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However, it is not entirely clear how they do this, what they’re supposed to eliminate or if they actually work.
This is a detailed review of detox diets and their health effects.
What is a Detox?
Detox diets are generally short-term dietary interventions designed to eliminate toxins from the body.
A typical detox diet involves a period of fasting, followed by a strict diet of fruit, vegetables, fruit juices and water. Sometimes a detox also includes herbs, teas, supplements, colon cleanses or enemas.
These methods claim to:
- Rest the organs by fasting
- Stimulate the liver to get rid of toxins
- Promote toxin elimination through feces, urine and sweat
- Improve circulation
- Provide the body with healthy nutrients
Detox therapies are most commonly recommended because of exposure to toxic chemicals in the environment or diet. These include pollutants, synthetic chemicals, heavy metals and other harmful compounds.
The Most Common Ways to Detox
There are many ways to do a detox diet, ranging from total starvation fasts and juicing to simpler food modifications.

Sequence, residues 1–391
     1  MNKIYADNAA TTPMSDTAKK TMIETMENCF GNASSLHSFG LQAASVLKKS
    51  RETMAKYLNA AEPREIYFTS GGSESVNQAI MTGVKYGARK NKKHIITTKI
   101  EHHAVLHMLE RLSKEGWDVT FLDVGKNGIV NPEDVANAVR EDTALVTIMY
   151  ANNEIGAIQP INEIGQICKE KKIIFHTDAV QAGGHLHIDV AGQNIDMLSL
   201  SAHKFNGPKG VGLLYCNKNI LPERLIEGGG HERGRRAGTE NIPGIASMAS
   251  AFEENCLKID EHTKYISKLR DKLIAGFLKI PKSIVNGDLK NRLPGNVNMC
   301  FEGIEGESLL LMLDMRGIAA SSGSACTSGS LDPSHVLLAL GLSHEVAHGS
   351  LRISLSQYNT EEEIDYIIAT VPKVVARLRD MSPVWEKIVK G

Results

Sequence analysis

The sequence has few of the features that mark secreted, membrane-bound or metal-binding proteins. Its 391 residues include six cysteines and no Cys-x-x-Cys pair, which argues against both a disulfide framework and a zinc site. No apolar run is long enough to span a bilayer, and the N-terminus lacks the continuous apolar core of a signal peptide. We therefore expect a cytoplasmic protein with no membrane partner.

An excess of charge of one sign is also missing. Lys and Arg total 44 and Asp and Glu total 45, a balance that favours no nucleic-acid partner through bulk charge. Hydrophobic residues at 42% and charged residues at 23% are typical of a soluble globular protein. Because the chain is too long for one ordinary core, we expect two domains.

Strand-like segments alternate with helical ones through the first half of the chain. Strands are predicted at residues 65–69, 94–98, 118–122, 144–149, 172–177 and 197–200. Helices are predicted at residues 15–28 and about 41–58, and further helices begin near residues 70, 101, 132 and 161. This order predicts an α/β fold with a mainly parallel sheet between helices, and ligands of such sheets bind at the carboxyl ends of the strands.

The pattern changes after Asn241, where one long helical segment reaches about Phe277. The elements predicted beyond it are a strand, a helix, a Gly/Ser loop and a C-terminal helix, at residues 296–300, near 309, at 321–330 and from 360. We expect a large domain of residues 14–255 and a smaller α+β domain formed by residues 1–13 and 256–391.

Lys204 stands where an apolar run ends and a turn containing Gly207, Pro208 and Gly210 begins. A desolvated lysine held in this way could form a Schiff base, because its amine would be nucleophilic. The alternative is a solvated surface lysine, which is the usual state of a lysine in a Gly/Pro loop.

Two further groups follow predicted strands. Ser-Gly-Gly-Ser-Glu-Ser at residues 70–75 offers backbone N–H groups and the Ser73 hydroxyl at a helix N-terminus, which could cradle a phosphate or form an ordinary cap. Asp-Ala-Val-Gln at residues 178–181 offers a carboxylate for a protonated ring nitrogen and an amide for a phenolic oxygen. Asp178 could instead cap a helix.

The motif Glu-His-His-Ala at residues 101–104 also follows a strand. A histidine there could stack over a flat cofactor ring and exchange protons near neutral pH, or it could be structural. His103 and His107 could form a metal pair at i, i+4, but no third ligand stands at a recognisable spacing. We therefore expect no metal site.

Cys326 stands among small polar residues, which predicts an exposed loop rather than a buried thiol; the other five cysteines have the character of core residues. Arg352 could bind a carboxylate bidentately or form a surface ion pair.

Most detox diets involve at least one of the following (1):
- Fasting for 1 to 3 days
- Drinking fresh fruit and vegetable juices, smoothies, water and tea
- Eliminating foods high in heavy metals, contaminants and allergens
- Taking supplements or herbs
- Avoiding all allergenic foods and then slowly reintroducing them
- Using laxatives, colon cleanses or enemas
- Exercising regularly
The different detox diets vary in intensity and duration.
Which Toxins are Eliminated?
Detox diets rarely identify the specific toxins they aim to remove or how exactly they eliminate them. In fact, there is little to no evidence that detox diets actually remove any toxins from your body.
More importantly, there is really no scientific evidence backing up the claim that our bodies are loaded with toxins and need to be cleansed. Your body is actually very capable of cleansing itself, through the liver, feces, urine and sweat. The liver makes toxic substances harmless and then makes sure they’re released from the body (3, 4, 5, 6, 7).
These tend to accumulate in fat tissue or blood and can take a very long time, even years, for the body to get rid of (12, 13, 14). However, generally speaking, these compounds are removed from or limited in commercial products today (15).
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